I love you forever.

when my heart is overwhelmed.

my sweet husband found a way to make me laugh before I went into the surgery room yesterday


This week, I lost my fifth baby.  My heart shattered into a thousand pieces when my doctor started talking about when a D&C would be scheduled.  Would Thursday work?  My mind was spinning.


It all happened so fast.  I felt like I was having an out of body experience — did he really just say that?  D&C?!?!  No, no, no.  Please God, no.  Not again, not this one.  I was so sure this one would be mine to hold.  I was so full of hope, there was so much love in my heart already.  Please, come back baby.  Please come back.


Deep down, I knew something was off during our ultrasound.  The room was dark and his eyes were glued to the screen with a look of concern.  It was too long.  He didn’t immediately say, “everything looks good!” like last time.  Why wasn’t he saying anything?  Why is he just staring??  When he told me I could meet him in the other room to discuss things, I could already feel the tears welling up.  Something was wrong.


I screamed when I walked out of the hospital entrance.  I must have looked crazy but honestly, I couldn’t help it.  Niall and I held hands and cried on the drive home.  We were hoping it would be a quick, painless appointment.  Maybe we could even grab a quick breakfast date on the way home at our favorite spot?  It was going to be a good day.


But now, we were both in tears, confused and broken.


I have learned in all of this that it is necessary (and inevitable) that I break down and cry whenever I need to.  I have learned that my husband is the most amazing life partner and I can’t imagine walking through this season without him.  I have learned that my children are precious and their lives are miraculous and fragile and I am so privileged to be their mom.  I have learned it’s okay to be angry with God, to ask Him questions, to feel forgotten and unseen.  I have also learned that I have to show up.  That the grocery shopping still needs to be done, that diaper changes still have to happen, that life goes on.  That it is still possible for me to laugh in the midst of such deep sorrow.  That I am still able to find joy in a hot cup of coffee or my daughter twirling in her princess dress.  That I have the most amazing friends who bring me dinners and allow me to grieve.  Oh, how grateful I am.  How rich my life is.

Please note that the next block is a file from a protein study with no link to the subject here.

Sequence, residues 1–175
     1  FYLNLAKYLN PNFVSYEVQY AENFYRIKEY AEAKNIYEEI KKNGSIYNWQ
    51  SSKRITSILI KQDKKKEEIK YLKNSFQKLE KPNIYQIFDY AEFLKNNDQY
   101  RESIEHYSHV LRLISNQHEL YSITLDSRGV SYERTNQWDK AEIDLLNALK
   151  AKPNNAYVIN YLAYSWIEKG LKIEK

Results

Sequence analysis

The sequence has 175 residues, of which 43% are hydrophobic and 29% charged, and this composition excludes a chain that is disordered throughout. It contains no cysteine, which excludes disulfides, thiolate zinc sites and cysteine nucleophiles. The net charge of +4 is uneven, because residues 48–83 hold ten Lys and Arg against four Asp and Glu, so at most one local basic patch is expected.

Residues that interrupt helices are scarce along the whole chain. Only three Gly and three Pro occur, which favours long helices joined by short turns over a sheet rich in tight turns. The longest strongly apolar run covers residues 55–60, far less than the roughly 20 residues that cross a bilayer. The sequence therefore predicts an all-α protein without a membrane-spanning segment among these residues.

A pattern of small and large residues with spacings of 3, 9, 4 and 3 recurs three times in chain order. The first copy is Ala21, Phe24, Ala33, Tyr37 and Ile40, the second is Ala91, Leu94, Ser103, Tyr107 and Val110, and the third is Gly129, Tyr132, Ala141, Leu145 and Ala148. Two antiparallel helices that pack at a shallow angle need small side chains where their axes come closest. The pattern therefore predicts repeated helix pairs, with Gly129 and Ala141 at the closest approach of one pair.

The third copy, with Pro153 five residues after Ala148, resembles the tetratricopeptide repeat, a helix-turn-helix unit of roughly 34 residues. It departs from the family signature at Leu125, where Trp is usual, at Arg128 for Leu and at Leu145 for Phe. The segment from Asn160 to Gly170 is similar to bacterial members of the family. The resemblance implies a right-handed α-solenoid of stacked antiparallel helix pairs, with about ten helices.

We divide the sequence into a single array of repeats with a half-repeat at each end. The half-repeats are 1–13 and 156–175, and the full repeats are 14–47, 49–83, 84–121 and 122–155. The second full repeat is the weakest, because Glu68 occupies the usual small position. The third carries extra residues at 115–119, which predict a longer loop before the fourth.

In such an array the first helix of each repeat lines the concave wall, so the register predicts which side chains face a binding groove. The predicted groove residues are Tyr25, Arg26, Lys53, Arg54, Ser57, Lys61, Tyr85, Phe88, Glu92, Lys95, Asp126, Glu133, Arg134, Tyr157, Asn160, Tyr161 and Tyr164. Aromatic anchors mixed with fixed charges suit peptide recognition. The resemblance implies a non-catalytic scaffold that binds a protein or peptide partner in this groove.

If anyone reading this has experienced this pain, this longing — my heart is with you.  I am crying with you and for you.  I am praying for you.  And if you have not experienced this, but maybe you have a friend who has, reach out.  Even if you don’t know what to say.  You have no idea how much a simple text or a handwritten letter can help heal the human heart.  We need each other in this life, on these hard days, when the loneliness of our heartache seems more than we can bear.


Time — sometimes we want it to stand still.  Sometimes we want to go back — to a simpler time, when this knowledge of pain and sorrow didn’t exist.  But every time, it is the days passing that allows my feet to feel firm again, to know I can stand without crumbling.  To be truly happy for a friend or stranger who is expecting a new baby rather than bitter or jealous.  To be able to fall asleep at night without a tear-stained face.  It takes time.  But I believe it will come.  Nevertheless, my mama heart will be missing my babies who I loved and carried for only a short while, for the rest of my life.  I promise my loves, not a day goes by that I don’t think about you.  Until we meet again, your mama will love you forever.


From the end of the earth I will cry to You,

when my heart is overwhelmed;

Lead me to the Rock that is higher than I.